Abramski’s extreme claim was that straw purchasing was not illegal at all. The law, he argued, only required the gun store to check his own background because he was the purchaser. It didn’t matter what he did with the gun later or whether he was already intending to sell it to his uncle, his aunt, or some dude he met at a gun show. As Justice Scalia, who agreed with this argument, wrote in dissent on behalf of Justices Alito, Thomas, and Chief Justice Roberts: "If I give my son $10 and tell him to pick up milk and eggs at the store, no English speaker would say that the store sells the milk and eggs to me."

Writing for a majority that included Justices Kennedy, Ginsburg, Breyer, and Sotomayor, Justice Kagan declined to buy what Scalia and Abramski were selling. In holding that federal law intends to look beyond the store countertop (Abramski and the gun dealer) to see who the actual purchaser is (the uncle), Kagan was clearly worried about the AFT’s continued ability to prosecute gun trafficking. The “overarching reason” to reject Abramski’s circumscribed interpretation is that it “would undermine—indeed, for all important purposes, would virtually repeal—the gun law’s core provisions.”

Repealing gun control is exactly what the NRA, which filed a brief in support of Abramski, was hoping for. Although famous for saying we need to enforce existing gun laws, here at least the NRA was trying to make it harder to enforce federal law. Perhaps this is an example of what’s been called the NRA’s gun control “Catch-22”: make gun laws impossible to enforce, then point to the laws’ ineffectiveness as a reason to get rid of them. Had the NRA's position won in the Court, tomorrow they'd be saying the background check law doesn't work because it doesn't stop straw purchasing.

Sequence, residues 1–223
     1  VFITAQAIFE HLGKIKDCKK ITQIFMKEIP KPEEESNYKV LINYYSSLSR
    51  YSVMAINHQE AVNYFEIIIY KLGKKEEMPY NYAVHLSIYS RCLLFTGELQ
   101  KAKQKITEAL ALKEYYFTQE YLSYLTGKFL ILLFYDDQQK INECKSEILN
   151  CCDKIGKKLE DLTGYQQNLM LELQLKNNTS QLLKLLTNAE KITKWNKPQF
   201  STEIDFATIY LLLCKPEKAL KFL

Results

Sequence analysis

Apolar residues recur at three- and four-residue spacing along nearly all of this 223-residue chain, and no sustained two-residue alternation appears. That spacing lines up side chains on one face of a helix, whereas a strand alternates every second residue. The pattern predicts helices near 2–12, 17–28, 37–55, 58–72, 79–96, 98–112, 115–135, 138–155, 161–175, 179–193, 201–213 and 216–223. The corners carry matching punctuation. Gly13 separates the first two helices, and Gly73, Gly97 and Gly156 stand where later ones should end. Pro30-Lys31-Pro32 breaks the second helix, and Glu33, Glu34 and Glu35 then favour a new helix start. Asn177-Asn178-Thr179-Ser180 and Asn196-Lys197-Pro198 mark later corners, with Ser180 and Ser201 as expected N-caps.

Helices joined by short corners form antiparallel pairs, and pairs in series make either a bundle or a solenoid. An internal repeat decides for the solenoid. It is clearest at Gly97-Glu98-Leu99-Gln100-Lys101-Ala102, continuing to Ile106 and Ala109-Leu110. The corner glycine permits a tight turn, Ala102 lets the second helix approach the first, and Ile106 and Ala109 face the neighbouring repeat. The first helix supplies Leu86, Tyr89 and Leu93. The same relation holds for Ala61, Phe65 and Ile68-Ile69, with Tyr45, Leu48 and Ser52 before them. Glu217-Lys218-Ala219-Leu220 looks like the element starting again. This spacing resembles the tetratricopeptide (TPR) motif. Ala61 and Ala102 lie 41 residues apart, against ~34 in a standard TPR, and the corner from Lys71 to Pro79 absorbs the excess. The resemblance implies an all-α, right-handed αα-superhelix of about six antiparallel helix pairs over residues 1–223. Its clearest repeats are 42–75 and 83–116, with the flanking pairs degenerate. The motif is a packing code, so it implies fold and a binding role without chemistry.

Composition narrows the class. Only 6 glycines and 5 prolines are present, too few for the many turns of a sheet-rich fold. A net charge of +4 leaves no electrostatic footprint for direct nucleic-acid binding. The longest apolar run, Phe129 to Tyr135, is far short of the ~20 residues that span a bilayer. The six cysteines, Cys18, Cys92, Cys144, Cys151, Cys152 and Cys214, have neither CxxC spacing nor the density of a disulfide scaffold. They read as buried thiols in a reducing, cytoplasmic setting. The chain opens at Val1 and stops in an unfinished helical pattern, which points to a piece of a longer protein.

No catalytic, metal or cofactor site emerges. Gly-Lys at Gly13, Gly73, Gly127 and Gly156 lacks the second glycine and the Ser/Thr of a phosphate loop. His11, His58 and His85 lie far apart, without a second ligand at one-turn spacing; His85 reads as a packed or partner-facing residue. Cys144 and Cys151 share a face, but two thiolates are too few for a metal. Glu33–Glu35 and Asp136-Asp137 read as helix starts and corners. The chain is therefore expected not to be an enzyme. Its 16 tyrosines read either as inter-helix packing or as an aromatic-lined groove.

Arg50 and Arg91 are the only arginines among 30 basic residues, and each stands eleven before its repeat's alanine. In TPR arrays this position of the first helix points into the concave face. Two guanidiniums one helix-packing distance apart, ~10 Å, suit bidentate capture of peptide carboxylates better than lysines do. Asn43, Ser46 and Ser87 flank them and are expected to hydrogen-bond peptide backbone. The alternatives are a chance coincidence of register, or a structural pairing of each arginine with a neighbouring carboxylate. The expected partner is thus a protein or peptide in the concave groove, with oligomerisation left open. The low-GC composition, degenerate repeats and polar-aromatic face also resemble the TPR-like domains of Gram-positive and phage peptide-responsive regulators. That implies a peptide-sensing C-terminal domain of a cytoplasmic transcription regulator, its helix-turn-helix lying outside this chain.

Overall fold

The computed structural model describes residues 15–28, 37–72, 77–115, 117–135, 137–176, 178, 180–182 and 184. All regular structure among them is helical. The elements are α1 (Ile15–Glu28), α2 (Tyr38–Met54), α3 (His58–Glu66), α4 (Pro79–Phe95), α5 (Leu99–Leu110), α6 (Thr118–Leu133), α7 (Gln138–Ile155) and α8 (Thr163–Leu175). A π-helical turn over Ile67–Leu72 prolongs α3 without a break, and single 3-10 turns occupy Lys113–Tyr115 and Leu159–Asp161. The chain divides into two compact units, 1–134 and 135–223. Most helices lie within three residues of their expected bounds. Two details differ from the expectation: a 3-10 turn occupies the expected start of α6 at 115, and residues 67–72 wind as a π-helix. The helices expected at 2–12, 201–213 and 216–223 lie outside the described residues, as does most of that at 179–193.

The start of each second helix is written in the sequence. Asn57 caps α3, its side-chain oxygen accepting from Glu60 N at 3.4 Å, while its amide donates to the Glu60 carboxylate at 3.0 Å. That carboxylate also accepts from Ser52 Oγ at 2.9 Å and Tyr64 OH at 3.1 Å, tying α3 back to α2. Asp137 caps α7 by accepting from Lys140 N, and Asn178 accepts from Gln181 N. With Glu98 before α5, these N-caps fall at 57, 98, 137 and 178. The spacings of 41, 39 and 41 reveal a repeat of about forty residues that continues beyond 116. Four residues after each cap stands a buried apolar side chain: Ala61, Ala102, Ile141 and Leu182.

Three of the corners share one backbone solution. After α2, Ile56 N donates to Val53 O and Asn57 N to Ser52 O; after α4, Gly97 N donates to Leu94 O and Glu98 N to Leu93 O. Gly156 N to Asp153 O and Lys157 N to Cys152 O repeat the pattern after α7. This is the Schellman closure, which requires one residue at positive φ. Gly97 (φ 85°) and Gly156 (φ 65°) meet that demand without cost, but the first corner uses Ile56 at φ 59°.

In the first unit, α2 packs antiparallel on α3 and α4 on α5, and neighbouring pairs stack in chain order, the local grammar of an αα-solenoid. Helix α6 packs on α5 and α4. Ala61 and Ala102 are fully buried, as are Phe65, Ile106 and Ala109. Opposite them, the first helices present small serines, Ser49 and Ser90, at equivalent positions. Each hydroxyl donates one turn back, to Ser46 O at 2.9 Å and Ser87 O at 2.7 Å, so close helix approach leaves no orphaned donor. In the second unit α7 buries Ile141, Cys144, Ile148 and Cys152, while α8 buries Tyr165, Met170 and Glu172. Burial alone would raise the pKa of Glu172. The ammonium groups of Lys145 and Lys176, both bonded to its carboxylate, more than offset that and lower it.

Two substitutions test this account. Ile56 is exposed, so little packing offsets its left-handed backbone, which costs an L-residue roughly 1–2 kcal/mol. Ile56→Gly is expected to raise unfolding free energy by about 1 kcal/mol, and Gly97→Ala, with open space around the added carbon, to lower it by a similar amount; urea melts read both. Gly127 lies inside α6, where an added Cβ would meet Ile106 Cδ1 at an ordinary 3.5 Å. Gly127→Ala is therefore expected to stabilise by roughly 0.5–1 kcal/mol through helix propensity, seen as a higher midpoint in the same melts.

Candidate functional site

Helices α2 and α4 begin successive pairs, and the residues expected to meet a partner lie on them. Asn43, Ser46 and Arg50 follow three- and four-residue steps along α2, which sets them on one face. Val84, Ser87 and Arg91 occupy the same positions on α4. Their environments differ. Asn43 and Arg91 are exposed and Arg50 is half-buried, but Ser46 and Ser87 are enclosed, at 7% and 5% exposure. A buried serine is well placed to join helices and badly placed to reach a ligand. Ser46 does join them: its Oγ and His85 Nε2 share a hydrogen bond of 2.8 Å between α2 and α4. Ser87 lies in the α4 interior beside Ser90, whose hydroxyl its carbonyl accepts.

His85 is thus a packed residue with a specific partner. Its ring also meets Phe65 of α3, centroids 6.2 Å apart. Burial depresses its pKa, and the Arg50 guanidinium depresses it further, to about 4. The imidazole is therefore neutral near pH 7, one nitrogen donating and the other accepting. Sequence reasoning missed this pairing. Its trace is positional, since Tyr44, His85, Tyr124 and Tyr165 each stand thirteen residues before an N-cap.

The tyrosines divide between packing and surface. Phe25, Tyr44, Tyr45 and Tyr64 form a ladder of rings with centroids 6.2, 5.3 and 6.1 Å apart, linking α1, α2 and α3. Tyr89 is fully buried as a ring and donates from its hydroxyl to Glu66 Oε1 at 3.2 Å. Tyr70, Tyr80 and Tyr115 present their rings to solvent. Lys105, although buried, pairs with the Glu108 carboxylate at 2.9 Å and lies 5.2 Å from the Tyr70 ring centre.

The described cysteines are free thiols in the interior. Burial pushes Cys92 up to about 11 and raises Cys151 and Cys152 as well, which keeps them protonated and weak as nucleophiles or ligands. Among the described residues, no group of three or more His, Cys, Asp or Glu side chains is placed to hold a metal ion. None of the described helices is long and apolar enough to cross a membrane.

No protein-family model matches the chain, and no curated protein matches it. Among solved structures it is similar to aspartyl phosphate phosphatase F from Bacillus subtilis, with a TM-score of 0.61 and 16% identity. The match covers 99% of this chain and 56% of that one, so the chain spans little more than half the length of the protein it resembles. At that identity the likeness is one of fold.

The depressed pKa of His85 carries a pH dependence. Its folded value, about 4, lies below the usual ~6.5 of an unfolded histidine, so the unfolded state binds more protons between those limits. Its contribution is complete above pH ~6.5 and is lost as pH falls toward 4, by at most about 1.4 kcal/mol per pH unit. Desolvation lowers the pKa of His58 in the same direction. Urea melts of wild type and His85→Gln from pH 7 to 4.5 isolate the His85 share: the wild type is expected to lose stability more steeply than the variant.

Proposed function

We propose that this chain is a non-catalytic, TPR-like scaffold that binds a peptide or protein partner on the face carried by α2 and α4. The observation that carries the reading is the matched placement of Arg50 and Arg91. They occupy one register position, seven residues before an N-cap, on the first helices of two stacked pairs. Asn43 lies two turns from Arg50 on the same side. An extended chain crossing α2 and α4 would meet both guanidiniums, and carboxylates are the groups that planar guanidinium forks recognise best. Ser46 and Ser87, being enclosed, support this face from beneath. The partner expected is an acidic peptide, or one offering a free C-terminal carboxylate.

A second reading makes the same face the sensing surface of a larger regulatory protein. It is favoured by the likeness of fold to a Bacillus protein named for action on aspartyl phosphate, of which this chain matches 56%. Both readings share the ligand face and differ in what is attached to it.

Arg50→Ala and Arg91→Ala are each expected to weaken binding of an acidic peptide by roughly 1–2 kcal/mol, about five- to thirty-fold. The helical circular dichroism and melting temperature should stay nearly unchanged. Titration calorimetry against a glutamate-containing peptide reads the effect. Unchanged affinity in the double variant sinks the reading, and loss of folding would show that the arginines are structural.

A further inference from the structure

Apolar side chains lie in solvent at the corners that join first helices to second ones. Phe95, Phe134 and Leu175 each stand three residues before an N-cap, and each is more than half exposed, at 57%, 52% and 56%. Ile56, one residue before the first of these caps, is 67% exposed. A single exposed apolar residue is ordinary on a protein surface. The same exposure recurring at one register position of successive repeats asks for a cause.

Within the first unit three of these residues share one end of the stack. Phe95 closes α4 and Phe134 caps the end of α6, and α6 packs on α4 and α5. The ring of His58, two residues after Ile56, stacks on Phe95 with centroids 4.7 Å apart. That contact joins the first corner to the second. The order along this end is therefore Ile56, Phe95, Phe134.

Whatever the NRA’s motive, the nation’s leading gun rights organization will be disheartened by today’s ruling. It’s bad enough, from the NRA’s perspective, that the Court strengthened the hand of ATF—long the target of the NRA’s hostility. Worse, the Abramski case saw Justice Kennedy siding with the liberal wing of the Court to uphold a gun control law. Ever since the Supreme Court breathed new life into the Second Amendment in the 2008 case of District of Columbia v. Heller, another narrow, 5–4 decision, the NRA has been counting on Justice Kennedy to side with it in the NRA's challenges to gun control.

Based on that expectation, the NRA has been pursuing lawsuits around the nation challenging a variety of gun control laws. The most significant of these are laws restricting who can carry guns in public. Just this term, the NRA and other gun rights advocates petitioned the Court to rule on that issue in several different cases. Although the Court has so far declined to hear any of those cases—and today’s case was not framed as a Second Amendment case—today’s ruling shows that Justice Kennedy is willing to support gun control. For people on either side of the gun debate, that may be the most important signal to come from the Court’s ruling.

Image via shutterstock.